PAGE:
The course ended with a hilly single track shaded forest section, a little add-on and alteration introduced in 2016 to avoid too many fire trail and road sections with a slippery river crossing to the finish near Rafiki Lodge along the river.
Jason Schlarb in the rainforest section after CP1.
The day was not without incidents with Jason Schlarb missing a turning and the bright pink fluorescent markers just after CP3 and taking a big detour, adding on extra miles and ending up 25min behind Chema Martinez. “I was 10min behind Chema Martinez and in 3rd place after CP3,” Schlarb said. “I missed the turning and ran along the river and back onto the road where a crew vehicle pointed me in the right direction. I went from 3rd to 6th position and lost 15min.” 2015 ladies’ champion, Veronica Bravo from Chile also went off course after CP3 finishing 6th today.
Veronica Bravo just before going off course.
Tom Owens: 2:44:45
Chema Marinez: 2:47:55
Erick Aguero: 3:02:42
Anna Frost: 3:14:49
Elisabet Barnes: 3:19:24
Anna Comet: 3:21:23
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Runners have arrived in San Jose and the 2017 of The Coastal Challenge is now building up to what is anticipated to be one of the most competitive editions of this race ever.
Chema Martinez – San Jose
The men’s race sees the return of Chema Martinez who raced in 2016. He has experience of the course, the heat and the humidity and that will prove invaluable. However, Sondre Amdahl from Norway and Tom Owens for the UK arrived in Costa Rica one week ago to spend time on the coast and adjust to the heat – they will provide strong competition.
Hardrock 100 winner, Jason Schlarb arrived just 1-day before the race from the snows of Colorado, he may be in for a surprise on day 1 as the heat hits.
Jason Schlarb loosening up on San Jose trails.
Local competition is expected to come from Ashur Youssefi-Dizagetakieh who has raced at TCC on several occasions, he knows the course, is adopted to the heat and will be a strong presence at the front of the race.
An unknown to Europe audiences, Erick Agüero from Costa Rica will take part in his first multi-day experience here at TCC and race director, Rodrigo Carazo says, ‘he’s one to watch!’
Of course, a surprise can come from anywhere… the 2017 edition of the race has the most Costa Rican’s ever entered in the race and strong representation comes from Spain and the UK.
For the ladie’s last minute entry of Anna Frost has certainly made the other female competitors, stop, look and ask questions about the form of the New Zealand. This is ‘Frosty’s’ third time racing at TCC and is third a charm?
2016 champion, Ester Alves has returned and without doubt she will be looking for repeat victory. She will have her hands full with the return of the 2015 champion, Veronica Bravo from Chile and 2015 Marathon des Sables champion, Elisabet Barnes who also raced here in 2016.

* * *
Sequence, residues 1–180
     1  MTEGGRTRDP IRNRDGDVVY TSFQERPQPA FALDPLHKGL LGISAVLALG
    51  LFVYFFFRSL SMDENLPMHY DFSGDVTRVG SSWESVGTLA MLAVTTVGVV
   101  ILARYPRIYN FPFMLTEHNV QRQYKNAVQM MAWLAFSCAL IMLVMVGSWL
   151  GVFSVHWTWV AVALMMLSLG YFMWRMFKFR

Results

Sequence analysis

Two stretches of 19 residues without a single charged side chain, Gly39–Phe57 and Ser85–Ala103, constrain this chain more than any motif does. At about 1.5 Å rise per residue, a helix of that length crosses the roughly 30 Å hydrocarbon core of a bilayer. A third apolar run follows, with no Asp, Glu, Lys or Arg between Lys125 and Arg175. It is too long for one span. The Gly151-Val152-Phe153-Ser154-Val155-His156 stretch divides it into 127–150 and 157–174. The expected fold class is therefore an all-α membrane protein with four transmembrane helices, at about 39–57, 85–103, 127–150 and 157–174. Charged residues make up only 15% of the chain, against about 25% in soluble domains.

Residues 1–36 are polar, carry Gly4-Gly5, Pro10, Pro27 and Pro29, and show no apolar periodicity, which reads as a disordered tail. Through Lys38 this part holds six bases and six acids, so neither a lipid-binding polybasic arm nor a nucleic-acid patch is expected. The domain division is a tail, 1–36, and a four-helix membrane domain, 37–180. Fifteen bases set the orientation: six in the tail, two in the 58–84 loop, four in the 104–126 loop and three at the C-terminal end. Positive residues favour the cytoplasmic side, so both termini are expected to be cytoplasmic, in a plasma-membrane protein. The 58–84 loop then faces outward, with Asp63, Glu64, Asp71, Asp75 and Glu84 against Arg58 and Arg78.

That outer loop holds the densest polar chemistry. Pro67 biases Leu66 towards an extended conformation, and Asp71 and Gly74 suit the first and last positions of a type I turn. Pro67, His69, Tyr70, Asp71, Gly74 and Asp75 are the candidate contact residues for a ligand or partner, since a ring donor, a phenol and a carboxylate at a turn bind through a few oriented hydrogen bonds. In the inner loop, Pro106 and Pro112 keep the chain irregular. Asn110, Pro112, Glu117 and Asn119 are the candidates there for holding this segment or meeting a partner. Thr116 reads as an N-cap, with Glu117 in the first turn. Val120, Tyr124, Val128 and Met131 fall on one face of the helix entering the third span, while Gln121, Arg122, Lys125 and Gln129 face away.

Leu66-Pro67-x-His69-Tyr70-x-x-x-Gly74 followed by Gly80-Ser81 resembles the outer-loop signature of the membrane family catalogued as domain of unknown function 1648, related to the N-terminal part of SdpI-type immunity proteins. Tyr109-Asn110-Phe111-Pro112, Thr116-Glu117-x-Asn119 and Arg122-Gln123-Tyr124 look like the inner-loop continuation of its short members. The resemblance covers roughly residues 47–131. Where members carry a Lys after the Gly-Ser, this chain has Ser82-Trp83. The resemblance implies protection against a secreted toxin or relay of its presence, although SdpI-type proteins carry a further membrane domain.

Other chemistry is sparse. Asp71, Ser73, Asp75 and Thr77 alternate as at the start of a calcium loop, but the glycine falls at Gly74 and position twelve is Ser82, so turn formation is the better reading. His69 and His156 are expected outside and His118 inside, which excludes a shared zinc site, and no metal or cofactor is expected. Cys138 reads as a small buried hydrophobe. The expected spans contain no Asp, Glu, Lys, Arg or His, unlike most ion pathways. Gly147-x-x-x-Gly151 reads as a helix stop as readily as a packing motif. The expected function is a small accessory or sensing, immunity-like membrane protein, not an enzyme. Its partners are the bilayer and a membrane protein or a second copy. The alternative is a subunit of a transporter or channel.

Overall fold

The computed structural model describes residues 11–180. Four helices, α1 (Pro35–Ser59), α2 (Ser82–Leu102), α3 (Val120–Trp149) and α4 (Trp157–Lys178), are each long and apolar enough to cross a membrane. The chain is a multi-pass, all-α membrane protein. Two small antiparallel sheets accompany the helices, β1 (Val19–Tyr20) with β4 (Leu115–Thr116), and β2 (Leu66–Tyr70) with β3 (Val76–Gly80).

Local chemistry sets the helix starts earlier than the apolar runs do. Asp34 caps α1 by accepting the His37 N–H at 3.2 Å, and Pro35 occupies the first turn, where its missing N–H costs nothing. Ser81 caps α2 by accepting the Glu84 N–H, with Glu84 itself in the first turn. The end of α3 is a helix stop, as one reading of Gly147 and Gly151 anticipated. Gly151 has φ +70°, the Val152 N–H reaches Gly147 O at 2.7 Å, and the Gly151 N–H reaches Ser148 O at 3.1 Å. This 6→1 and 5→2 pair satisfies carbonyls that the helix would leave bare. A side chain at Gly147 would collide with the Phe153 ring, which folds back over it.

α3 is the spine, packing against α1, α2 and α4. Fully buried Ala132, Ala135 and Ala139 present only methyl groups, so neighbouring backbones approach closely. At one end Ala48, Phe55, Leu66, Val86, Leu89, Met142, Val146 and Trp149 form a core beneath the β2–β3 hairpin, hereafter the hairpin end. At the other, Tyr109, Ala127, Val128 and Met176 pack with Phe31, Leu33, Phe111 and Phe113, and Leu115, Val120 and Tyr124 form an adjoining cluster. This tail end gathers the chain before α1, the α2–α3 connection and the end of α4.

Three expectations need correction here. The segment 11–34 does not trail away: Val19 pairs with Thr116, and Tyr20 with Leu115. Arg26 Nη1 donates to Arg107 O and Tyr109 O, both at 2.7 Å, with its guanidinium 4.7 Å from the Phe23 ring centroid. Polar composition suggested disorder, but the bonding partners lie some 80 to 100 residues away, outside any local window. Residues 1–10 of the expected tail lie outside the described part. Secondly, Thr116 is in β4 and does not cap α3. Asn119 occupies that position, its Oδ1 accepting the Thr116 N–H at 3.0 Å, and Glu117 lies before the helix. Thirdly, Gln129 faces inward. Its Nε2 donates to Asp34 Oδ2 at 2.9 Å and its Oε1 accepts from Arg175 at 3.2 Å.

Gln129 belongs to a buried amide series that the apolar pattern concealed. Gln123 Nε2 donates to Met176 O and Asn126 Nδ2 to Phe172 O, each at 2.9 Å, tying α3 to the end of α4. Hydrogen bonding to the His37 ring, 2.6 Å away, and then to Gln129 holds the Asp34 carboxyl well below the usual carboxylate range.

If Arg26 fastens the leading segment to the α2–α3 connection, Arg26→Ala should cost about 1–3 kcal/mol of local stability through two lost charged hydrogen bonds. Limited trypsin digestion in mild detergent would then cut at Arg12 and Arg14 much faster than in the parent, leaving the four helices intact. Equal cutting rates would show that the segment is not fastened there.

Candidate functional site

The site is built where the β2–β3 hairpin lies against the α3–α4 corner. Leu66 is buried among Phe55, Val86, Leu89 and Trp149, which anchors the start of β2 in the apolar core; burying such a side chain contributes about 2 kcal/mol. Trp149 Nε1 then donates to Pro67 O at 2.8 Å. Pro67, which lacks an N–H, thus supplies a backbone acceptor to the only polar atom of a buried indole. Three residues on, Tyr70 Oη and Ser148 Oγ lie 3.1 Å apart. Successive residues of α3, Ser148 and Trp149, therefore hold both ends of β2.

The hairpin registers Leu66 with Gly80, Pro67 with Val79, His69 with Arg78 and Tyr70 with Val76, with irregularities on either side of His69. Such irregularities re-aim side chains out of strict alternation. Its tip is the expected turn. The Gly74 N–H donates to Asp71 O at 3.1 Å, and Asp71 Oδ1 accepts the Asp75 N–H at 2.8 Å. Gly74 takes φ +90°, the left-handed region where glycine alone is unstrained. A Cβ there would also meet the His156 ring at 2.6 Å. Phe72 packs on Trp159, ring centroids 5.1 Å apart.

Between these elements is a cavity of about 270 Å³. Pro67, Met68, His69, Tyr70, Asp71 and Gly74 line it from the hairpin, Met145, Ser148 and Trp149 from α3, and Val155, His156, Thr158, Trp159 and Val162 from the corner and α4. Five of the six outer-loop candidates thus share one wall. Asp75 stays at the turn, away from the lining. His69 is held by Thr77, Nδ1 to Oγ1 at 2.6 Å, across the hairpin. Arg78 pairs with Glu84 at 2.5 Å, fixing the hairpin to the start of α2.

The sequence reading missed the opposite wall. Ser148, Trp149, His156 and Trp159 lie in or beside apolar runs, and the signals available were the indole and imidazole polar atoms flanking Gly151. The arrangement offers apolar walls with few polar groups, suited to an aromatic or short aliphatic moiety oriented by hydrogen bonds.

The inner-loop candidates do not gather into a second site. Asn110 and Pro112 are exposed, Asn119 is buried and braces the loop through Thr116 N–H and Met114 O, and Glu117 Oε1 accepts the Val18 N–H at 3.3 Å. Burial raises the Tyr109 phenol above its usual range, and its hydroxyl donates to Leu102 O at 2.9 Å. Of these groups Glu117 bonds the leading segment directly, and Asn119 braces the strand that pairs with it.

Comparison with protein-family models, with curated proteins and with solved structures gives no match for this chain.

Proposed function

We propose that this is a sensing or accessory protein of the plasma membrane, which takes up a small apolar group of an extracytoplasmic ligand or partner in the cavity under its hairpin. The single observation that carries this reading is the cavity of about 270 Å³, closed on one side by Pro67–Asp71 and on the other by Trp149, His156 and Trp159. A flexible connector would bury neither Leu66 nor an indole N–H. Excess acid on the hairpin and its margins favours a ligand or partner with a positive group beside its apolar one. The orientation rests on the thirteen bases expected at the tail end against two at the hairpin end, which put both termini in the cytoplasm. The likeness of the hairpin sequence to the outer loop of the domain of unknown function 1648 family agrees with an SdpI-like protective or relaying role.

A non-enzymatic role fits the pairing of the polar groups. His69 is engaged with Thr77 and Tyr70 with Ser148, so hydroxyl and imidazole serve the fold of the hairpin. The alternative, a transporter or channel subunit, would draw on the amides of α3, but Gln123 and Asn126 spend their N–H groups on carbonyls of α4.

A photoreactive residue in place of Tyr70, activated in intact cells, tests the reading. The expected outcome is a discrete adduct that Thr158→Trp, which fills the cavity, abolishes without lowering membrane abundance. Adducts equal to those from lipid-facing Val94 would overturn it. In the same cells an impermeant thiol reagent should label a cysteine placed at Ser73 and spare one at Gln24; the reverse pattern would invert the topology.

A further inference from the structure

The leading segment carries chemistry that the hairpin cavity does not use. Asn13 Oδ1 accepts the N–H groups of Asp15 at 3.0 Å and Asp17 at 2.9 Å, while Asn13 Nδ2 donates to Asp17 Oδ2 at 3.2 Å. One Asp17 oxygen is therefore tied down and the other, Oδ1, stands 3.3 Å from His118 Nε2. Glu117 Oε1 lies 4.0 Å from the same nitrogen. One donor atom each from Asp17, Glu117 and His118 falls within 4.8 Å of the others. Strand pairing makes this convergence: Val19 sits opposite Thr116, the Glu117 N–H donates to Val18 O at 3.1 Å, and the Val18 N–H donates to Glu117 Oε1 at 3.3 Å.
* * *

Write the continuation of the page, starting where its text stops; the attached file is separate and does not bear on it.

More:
Anna Cometi from Spain has won the Everest Trail Race on two occasions so she knows how to race over multiple days, the big question will come in regard to her adaptation to the heat and humidity. One last name to look out for will be Katelyn Tocci.
With 22-countries represented, the 2017 edition of TCC is going to be a classic! Will it be the most memorable? Time will tell.
With registration taking place today, Saturday 11th. Runners have loosened up on the local trails to freshen up from travel. Race briefing is this evening and then tomorrow it’s a 0400 start to head to the coast and the start of the race.
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Anna Frost to join the line-up of the 2017 The Coastal Challenge
The 2017 was all set to be the most competitive edition of the race with a stunning line-up of both male and female competitors. The male race has Hardrock 100 winner Jason Schlarb, Sondre Amdahl, Chema Martinez, Vicente Beneito and so many more.
The ladies race has two previous champions with Ester Alves and Veronica Bravo joined by Elisabet Barnes and Anna Cometi.
Well, the ladies race has just been blown off the scale with the 11th hour confirmation that New Zealand’s Anna Frost will toe the line in Quepos.
This is not Frosty’s first time in Costa Rica. Her love affair with the country and the race started several years ago. In 2014 she arrived to race but due to health issues was forced not to make the start.
“I learnt a lot about the course and was able to see the challenges without putting myself through them. Although nothing really prepares you like the experience itself. I hadn’t expected such long beach sections so I will be prepared.”